As part of the Science Museum’s on-going programme of events around the projected Making Modern Communications Gallery, Geoff Varrall, founder and head of telecoms & radio consultancy RTT, this week launched a new book entitled ‘Making Telecoms Work: from Technical Innovation to Commercial Success’.
Published by John Wiley & Sons, and Science Museum approved, the book draws on Varrall’s 25 years industry experience to bridge the gap between the technical expertise of engineers and the aims of market and business planners. He discusses how the collaboration of technological imagination with business knowledge will shape the industry’s future.
The launch took place during the Next 25 event at the Science Museum with a welcome from Ian Blatchford, Director of the National Museum of Science and Industry and the Science Museum. This was followed by an update from Alex Tyrell, Project Lead for the Making Modern Communications. Due to open in 2014, this exciting new gallery, which will be the largest in the Museum, will include dedicated content zones, The Cable, The Exchange, The Broadcast, The Web, The Constellation and The Cell covering the history of modern communication, The Message, a stunning and atmospheric entrance to the Gallery, and The Wall, which will give visitors the opportunity to interact with the museum and each other.
The launch concluded with Mike Short, President of the IET and Vice President of Public Affairs at Telefonica O2, looking back over the past 175 years of telecommunications through Wheatstone and Cooke, via the Turing centenary and twenty five years of GSM (in 2009) to the technology of the London 2012 Olympic Games.
Since mobile broadband has become a dominant deliverable, multiple areas of transition and transformation have occurred; this book places these changes in the context of the political, social and economic dynamics of global telecommunications.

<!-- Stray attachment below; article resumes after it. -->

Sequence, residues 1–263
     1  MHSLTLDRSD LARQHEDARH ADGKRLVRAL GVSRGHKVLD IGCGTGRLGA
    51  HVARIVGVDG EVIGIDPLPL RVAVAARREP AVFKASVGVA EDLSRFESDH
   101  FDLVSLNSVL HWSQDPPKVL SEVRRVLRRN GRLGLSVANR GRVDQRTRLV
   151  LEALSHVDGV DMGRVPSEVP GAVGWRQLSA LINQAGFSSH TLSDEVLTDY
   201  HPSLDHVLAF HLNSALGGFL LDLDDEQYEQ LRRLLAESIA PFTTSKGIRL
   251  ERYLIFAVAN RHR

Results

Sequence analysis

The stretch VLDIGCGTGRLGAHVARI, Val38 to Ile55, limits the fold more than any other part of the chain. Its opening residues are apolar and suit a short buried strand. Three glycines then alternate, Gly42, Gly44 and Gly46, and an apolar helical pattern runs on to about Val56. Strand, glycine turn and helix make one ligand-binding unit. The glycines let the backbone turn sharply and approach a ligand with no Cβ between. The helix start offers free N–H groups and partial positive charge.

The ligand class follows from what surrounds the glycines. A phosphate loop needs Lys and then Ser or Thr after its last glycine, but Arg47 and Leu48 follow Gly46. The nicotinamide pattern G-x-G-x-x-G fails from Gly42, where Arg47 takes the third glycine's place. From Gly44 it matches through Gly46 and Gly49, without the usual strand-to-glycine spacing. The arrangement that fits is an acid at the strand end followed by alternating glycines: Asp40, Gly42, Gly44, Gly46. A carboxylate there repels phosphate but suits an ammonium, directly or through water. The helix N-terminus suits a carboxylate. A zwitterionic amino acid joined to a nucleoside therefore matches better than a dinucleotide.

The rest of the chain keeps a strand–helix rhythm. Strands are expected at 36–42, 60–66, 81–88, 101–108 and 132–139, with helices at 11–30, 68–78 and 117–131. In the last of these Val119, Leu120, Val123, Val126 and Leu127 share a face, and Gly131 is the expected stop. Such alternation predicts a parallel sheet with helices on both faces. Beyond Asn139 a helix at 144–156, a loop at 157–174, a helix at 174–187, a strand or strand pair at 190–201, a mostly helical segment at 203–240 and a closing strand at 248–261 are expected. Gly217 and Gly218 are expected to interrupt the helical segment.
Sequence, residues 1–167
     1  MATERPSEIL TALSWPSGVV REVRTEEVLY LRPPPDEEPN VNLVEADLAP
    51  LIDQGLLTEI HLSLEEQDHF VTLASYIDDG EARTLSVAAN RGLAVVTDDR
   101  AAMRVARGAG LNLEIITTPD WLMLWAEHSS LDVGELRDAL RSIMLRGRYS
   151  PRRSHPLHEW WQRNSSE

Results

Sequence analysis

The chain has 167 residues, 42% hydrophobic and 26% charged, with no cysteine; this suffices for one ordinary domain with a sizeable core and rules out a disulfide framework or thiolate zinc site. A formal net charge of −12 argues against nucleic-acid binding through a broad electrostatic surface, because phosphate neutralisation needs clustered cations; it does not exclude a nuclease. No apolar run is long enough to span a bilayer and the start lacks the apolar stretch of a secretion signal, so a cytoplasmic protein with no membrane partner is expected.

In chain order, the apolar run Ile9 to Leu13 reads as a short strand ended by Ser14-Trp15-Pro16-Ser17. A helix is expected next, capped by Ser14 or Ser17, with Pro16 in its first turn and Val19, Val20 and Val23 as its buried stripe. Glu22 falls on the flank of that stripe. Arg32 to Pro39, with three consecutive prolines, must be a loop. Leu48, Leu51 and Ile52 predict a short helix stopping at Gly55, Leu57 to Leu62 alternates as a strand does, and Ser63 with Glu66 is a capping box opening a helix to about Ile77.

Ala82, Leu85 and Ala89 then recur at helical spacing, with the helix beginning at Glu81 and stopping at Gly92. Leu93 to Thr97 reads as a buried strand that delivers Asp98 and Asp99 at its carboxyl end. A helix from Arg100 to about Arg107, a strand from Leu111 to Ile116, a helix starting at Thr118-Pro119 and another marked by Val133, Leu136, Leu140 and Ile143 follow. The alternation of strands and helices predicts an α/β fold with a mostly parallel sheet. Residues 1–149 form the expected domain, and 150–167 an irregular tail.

“The mobile industry is without doubt one of the most dynamic and forward leaning, but there’s often a complete disconnect between those marketing the business and those tasked with delivering the technology,” said Varrall. “Since fixed and mobile broadband has become a dominant deliverable, multiple areas of transition and transformation have occurred; the book places these changes in the context of the political, social and economic dynamics of the global telecommunications industry.
“In writing this book I’ve included sections and comment from industry experts in both areas and I hope readers can take away a much clearer understanding of the challenges faced on all sides.”
RTT has been providing technology assessment and technology related facilitation programmes to an international client base since 1986. The company’s knowledge and experience is principally in mobile terrestrial communications. RTT works closely with a cross section of the industry and the international academic, scientific and industrial research community.